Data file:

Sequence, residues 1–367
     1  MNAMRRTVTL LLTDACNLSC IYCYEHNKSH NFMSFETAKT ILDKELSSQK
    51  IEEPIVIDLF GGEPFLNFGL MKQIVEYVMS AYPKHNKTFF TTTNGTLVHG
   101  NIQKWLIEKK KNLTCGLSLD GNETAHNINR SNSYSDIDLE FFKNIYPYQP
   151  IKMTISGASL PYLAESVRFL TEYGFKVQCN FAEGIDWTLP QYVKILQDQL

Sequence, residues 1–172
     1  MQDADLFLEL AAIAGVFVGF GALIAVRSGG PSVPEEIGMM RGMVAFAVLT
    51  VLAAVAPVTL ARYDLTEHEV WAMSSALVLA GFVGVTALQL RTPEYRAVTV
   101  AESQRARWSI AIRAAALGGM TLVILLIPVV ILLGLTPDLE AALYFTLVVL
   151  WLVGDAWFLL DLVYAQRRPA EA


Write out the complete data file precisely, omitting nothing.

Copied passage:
Sequence, residues 1–367
     1  MNAMRRTVTL LLTDACNLSC IYCYEHNKSH NFMSFETAKT ILDKELSSQK
    51  IEEPIVIDLF GGEPFLNFGL MKQIVEYVMS AYPKHNKTFF TTTNGTLVHG
   101  NIQKWLIEKK KNLTCGLSLD GNETAHNINR SNSYSDIDLE FFKNIYPYQP
   151  IKMTISGASL PYLAESVRFL TEYGFKVQCN FAEGIDWTLP QYVKILQDQL

Sequence, residues 1–172
     1  MQDADLFLEL AAIAGVFVGF GALIAVRSGG PSVPEEIGMM RGMVAFAVLT
    51  VLAAVAPVTL ARYDLTEHEV WAMSSALVLA GFVGVTALQL RTPEYRAVTV
   101  AESQRARWSI AIRAAALGGM TLVILLIPVV ILLGLTPDLE AALYFTLVVL
   151  WLVGDAWFLL DLVYAQRRPA EA